Saturday, November 10, 2007

This illustrates my point better than I could.

In a recent comment section I said that comparisons between the recent Wizard cover blurb and segregation based on the "Continuum of oppression" fell under the "Slippery Slope" logical fallacy.

For those of you who are curious as to exactly what is meant by "Slippery Slope Fallacy", see the second half of this post.

Also on that website is a great example of a parallel made between the Civil Rights movement and feminists who want better comics of the sort I was complaining about earlier.

Obsidian got a speaking part?

Why wasn't I informed? Why did I have to wait to read JSA #10 a week late to find this one out? I mean, he was talking for at least three pages there. That's HUGE for this character. That's more panel-time than he's had the entire series.

Maybe they'll actually use him in a fight in a few issues.

Okay, maybe that's too much to expect. But wow. Obsidian actually got a speaking part.

Friday, November 09, 2007

Tangibly close now.

Wonder Woman #14 preview's up!

(I can't believe it, since I whined so much when they got picked up for the book, but I really missed the Dodson art.)

Finally caught up on my comics.

Countdown Week 26 has what is now my favorite "Donna Troy Dodges Death" sequence.

Jason deserves to be hit on a regular basis for being a jerk all the time.

I think I'm starting to love Donna Troy.

She's just so casual about this sort of thing by now. She punches Jason (Actually, his still having internal organs on the inside of the chest after she hits him twice is evidence that she has excellent control over her strength) and then scolds him for being rude, and rather than reassure Kyle (who is, wonderfully, the only one who didn't realize she wasn't a goner and is pretty thrown by the whole revelation) she seems to just roll her eyes at him and rattle off some exposition.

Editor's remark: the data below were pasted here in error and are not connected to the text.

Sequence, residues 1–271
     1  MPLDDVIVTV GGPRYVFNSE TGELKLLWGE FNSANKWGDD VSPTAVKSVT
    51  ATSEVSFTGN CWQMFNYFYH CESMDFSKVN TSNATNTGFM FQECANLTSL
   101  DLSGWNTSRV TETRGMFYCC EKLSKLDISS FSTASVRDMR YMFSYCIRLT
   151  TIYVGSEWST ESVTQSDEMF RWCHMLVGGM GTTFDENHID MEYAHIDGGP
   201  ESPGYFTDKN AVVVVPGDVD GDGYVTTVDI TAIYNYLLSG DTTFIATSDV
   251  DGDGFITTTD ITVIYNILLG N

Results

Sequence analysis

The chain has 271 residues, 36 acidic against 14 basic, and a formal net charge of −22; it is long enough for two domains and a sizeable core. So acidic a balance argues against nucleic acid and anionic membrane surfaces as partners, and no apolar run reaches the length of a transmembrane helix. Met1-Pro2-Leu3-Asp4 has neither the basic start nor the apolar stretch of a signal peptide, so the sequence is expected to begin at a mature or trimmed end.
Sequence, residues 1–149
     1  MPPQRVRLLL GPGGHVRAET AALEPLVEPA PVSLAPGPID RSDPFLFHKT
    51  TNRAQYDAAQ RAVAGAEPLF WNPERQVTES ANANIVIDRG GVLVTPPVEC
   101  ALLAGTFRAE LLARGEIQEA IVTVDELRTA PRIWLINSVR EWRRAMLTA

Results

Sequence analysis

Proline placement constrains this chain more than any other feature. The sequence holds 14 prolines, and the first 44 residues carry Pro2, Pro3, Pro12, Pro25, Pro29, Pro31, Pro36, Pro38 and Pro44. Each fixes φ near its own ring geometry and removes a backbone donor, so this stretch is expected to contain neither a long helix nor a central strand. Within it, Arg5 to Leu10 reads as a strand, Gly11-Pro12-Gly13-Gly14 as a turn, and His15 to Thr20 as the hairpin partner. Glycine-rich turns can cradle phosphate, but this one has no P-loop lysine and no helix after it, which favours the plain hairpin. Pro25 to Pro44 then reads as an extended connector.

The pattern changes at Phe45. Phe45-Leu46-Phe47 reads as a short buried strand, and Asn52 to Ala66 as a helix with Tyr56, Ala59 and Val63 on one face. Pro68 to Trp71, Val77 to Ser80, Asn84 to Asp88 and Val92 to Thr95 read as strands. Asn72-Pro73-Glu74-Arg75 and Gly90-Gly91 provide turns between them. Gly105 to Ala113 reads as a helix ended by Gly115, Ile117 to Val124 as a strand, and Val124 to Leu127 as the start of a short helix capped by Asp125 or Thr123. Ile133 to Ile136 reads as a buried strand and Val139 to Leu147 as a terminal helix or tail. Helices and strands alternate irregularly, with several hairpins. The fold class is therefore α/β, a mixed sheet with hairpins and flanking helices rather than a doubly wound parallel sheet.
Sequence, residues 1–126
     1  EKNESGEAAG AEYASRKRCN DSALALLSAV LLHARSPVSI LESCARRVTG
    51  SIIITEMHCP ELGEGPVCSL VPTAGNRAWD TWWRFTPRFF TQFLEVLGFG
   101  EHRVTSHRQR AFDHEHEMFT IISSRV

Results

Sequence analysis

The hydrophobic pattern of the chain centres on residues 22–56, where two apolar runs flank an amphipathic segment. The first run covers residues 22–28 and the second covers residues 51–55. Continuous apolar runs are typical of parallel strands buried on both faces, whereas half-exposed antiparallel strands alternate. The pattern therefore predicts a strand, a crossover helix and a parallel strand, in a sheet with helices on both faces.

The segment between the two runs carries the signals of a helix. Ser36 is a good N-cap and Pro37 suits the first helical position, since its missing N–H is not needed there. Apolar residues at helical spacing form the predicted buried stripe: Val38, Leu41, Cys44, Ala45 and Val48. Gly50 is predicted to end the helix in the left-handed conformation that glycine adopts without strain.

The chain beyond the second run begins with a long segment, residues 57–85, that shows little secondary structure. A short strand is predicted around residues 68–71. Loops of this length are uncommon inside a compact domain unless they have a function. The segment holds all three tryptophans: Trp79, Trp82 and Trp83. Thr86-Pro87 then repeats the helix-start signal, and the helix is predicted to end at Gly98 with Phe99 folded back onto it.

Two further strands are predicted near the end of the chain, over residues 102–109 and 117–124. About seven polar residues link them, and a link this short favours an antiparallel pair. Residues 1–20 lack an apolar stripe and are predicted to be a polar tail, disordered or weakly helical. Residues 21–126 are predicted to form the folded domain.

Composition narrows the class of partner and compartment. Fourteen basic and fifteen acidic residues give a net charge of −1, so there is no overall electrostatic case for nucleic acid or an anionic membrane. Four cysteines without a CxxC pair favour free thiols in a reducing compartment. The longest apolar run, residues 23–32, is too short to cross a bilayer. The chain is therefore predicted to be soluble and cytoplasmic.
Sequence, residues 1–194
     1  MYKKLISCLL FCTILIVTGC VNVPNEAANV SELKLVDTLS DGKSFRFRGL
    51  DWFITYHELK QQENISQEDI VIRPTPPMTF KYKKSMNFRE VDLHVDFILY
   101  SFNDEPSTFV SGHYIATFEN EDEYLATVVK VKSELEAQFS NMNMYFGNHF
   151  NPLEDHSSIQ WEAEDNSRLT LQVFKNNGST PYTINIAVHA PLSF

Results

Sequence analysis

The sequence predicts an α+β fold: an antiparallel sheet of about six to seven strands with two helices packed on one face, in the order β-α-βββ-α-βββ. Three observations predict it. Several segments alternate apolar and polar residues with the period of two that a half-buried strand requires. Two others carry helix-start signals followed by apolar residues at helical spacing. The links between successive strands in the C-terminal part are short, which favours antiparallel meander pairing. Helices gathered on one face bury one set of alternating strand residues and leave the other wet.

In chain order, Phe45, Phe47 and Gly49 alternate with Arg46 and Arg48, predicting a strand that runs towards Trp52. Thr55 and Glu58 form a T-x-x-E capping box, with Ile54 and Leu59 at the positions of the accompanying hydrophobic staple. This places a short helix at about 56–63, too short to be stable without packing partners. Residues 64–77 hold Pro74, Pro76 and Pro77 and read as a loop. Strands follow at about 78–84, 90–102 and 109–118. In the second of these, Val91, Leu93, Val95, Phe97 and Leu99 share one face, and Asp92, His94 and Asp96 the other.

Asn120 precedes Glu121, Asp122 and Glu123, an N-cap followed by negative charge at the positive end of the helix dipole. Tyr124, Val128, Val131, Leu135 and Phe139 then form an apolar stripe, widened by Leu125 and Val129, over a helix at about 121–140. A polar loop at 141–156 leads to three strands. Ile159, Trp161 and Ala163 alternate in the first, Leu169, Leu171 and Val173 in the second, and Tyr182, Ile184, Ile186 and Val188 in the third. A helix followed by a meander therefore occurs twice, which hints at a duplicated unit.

"Yeah yeah, Jason's a really big asshole but not that big an asshole. Bob helped. Let's get on with the multiverse-wide scavenger hunt."

She's coming off (over all the specials and the weeklies) as this bland sweet-natured person who has just enough flexibility in her character to be temperamental when the writers need her to be, and is resilient enough to always be good for either a fake death or a real death. I can honestly see the appeal now.

In fact, I think its safe to say I'm reading Countdown for Donna right now almost as much as Kyle.

I want to see her die and/or hit Jason again.

Wednesday, November 07, 2007

Oh, for the love of little green leaves!

Stop making segregation comparisons when talking about sexism!!!

Please.

It makes you look like an asshole, which makes any further conversation awkward and/or hostile.

Tuesday, November 06, 2007

Oh, and while I'm here...

Everyone who read this post and thought that "lowest common (male) denominator" means "men are the lowest common denominator" needs to retake English next semester.

You fail reading comprehension.

Seriously, that's really fucking bad because I specifically added the "(male)" because presumably the lowest common female denominator would involve pushing a completely different set of stereotypes. (I don't know, bodice rippers or boy bands or whatever stupid insulting stereotype of fangirls you figure is the worst.)

To be honest, I made a mistake by not specifying "straight male" because a "lowest common (gay male) denominator" would be quite different as well. I apologize for that oversight.

But the prevalent idea came out of fucking nowhere.

I mean (and I know I'm repeating myself but dammit some people seem to need that), the very reason I added the (male) is because if I had put "lowest common denominator" in reference to a magazine that caters directly to men, that is calling men the lowest common denominator. By adding the (male) I was leaving room for an equal low involving an all-female audience or an audience of mixed gender. (Note to those seeking a lowest common mixed gender denominator: Explosions appeal to everyone.)


Still, some unbelievably idiotic readers read that and thought I meant the opposite.

Now, I admit, I've put out my poorly worded phrases and my mixed messages. There have been miscommunications that are entirely on my shoulders in the past.

This is all on the distant end, though. I don't know how anyone fucked up reading that one.

Sunday, November 04, 2007

I can't believe I have to make this post.

(And one last Wizard post. This one is entirely tangential anyway.)

I've seen several places that people have been saying "Well, the Feminists have SAID that if DC and Marvel want to be male-only they should put it on the cover, and now that Wizard does it they're all pissed."